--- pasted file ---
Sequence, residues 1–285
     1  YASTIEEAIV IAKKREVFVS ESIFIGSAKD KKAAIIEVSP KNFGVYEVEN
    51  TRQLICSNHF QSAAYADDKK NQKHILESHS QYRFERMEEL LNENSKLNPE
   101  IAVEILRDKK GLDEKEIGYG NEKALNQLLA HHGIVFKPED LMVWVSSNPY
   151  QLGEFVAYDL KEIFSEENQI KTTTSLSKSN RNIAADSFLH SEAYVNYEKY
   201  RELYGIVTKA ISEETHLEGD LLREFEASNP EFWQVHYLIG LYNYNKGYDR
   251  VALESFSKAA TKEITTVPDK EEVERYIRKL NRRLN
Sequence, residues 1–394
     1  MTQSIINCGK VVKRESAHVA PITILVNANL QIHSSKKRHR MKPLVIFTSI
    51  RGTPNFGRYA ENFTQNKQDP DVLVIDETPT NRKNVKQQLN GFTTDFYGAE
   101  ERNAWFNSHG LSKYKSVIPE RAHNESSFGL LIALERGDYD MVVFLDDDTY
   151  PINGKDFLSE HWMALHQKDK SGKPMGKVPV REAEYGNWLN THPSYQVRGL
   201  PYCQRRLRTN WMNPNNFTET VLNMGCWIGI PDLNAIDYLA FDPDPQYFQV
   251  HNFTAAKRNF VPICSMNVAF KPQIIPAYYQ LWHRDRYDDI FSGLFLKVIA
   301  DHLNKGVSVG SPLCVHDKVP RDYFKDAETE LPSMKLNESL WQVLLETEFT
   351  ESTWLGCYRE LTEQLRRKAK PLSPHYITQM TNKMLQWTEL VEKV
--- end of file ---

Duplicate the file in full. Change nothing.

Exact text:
Sequence, residues 1–285
     1  YASTIEEAIV IAKKREVFVS ESIFIGSAKD KKAAIIEVSP KNFGVYEVEN
    51  TRQLICSNHF QSAAYADDKK NQKHILESHS QYRFERMEEL LNENSKLNPE
   101  IAVEILRDKK GLDEKEIGYG NEKALNQLLA HHGIVFKPED LMVWVSSNPY
   151  QLGEFVAYDL KEIFSEENQI KTTTSLSKSN RNIAADSFLH SEAYVNYEKY
   201  RELYGIVTKA ISEETHLEGD LLREFEASNP EFWQVHYLIG LYNYNKGYDR
   251  VALESFSKAA TKEITTVPDK EEVERYIRKL NRRLN
Sequence, residues 1–394
     1  MTQSIINCGK VVKRESAHVA PITILVNANL QIHSSKKRHR MKPLVIFTSI
    51  RGTPNFGRYA ENFTQNKQDP DVLVIDETPT NRKNVKQQLN GFTTDFYGAE
   101  ERNAWFNSHG LSKYKSVIPE RAHNESSFGL LIALERGDYD MVVFLDDDTY
   151  PINGKDFLSE HWMALHQKDK SGKPMGKVPV REAEYGNWLN THPSYQVRGL
   201  PYCQRRLRTN WMNPNNFTET VLNMGCWIGI PDLNAIDYLA FDPDPQYFQV
   251  HNFTAAKRNF VPICSMNVAF KPQIIPAYYQ LWHRDRYDDI FSGLFLKVIA
   301  DHLNKGVSVG SPLCVHDKVP RDYFKDAETE LPSMKLNESL WQVLLETEFT
   351  ESTWLGCYRE LTEQLRRKAK PLSPHYITQM TNKMLQWTEL VEKV